Worrying is a normal, everyday part of life. And there are plenty of things to worry about -- health concerns, job security, global issues...sometimes, it feels as if the list will never end.
Almost 1 in 10 people find themselves afflicted with uncontrollable and chronic worrying -- this worrying can be driven by a need to make sure things will be alright, and can even become an inseparable part of someone's personality.
With all the worrying that we can do -- there has to be some good that comes out of it. Right?
Actually, there may be no benefit to worrying at all. Here are four common myths about worrying, and how these beliefs negatively affect your productivity.
Worrying leads to safety.
Sometimes we think that worrying will allow us to preempt disappointment or failure. But worries are not as impactful as you may hope. If anything, they can do damage to your physical health, instead of helping create solutions or finish tasks.
Worrying shows that you care.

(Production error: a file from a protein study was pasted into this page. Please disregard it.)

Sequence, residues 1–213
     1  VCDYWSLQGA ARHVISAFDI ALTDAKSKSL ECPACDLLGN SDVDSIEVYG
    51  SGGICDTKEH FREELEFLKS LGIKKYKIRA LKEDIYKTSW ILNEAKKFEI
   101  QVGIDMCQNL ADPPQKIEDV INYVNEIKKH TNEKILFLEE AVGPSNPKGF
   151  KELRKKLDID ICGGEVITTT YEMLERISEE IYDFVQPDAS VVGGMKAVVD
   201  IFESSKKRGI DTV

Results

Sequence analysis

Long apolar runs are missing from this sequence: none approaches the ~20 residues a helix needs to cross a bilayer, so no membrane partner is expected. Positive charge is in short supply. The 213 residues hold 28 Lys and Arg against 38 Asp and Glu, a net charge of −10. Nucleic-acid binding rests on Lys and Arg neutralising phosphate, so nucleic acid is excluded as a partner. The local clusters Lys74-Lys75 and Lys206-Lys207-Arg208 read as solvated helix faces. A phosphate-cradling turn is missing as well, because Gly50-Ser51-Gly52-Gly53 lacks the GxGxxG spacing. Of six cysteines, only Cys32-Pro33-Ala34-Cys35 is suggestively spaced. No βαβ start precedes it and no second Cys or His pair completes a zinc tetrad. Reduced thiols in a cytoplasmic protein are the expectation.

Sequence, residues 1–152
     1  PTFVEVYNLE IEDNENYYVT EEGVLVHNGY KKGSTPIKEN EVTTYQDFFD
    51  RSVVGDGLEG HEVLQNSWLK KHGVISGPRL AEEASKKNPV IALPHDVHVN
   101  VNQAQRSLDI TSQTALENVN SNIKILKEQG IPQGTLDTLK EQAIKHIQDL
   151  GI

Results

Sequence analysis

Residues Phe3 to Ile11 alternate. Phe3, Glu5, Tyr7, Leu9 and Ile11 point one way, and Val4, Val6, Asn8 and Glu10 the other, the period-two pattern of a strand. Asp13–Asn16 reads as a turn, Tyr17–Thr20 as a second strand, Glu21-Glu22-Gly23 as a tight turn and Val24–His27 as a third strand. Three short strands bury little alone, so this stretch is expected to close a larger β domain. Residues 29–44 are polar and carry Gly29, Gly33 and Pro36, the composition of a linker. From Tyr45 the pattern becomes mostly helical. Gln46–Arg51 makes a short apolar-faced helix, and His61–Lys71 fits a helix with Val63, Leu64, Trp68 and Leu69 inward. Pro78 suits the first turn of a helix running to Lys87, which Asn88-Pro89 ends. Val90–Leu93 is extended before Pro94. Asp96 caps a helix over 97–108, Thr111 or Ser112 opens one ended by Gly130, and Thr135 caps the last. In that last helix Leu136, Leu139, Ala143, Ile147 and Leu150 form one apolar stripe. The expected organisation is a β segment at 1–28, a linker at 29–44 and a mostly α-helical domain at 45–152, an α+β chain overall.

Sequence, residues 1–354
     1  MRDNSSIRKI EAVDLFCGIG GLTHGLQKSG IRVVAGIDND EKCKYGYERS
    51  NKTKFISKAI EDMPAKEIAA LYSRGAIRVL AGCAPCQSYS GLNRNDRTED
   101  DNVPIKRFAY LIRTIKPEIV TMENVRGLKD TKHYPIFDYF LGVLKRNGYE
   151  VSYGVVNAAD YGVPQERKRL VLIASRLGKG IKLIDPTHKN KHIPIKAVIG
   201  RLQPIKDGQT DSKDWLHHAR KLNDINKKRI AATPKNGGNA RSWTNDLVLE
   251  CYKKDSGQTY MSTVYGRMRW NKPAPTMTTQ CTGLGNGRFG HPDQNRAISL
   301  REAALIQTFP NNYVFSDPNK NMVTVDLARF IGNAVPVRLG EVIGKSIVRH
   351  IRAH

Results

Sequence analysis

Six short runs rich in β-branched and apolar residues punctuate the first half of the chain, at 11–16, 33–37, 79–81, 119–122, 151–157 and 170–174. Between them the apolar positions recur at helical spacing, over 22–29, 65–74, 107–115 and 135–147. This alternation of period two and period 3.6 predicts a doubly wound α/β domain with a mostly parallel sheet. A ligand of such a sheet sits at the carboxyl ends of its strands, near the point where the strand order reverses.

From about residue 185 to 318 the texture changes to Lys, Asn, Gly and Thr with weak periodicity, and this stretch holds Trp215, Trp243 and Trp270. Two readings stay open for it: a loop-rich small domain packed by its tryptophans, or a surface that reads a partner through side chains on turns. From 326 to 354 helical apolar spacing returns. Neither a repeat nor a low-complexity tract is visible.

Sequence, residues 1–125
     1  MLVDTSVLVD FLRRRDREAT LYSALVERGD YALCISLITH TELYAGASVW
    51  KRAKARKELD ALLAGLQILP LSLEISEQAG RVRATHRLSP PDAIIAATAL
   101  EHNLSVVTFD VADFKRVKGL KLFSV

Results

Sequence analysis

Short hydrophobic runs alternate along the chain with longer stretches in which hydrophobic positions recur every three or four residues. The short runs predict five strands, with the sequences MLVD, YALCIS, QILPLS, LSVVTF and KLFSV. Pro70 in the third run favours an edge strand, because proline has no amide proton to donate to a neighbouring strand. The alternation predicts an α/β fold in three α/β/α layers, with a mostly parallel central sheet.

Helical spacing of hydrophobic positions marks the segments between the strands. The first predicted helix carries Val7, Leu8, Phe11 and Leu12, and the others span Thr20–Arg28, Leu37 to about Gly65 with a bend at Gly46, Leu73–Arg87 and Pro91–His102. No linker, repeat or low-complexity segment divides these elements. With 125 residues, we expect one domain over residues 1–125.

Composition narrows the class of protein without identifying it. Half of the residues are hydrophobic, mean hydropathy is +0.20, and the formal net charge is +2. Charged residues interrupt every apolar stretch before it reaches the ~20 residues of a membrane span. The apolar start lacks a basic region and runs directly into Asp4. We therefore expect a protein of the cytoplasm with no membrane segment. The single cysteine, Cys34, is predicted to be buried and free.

If you've ever said, "I only worry because I care," you might have reason to believe the opposite, "If I don't worry it means I don't care." However, this isn't the case. Endlessly and fruitlessly worrying about a situation does not mean any issues are actually being relieved or taken care of. What it could mean though is that you are draining your mental and emotional energy.
Worrying helps solve problems.
Some may think that worrying helps you unlock certain modes of thinking or insights, but often, unplanned worrying is a "hindrance to basic cognitive functioning." Essentially, worrying can effectively limit how much you can properly carry out or initiate action. It interferes with your ability to problem-solve and reduces cognitive efficiency.
Worrying is my motivation.
You might think that if you stop worrying, you will become complacent or unproductive. The fact of the matter is, studies show that worry is used as a defense mechanism, and ultimately compels us to avoid the more difficult things we need to address. Yes, worrying can help you complete some tasks, but in truth it does so in a manner that is inefficient and with poor prioritization.
We certainly cannot eliminate every worry. But we can focus our attention elsewhere in our lives, rather than on the things that make us anxious. As Van Wilder once said, "Worrying is like a rocking chair. It gives you something to do, but you get nowhere."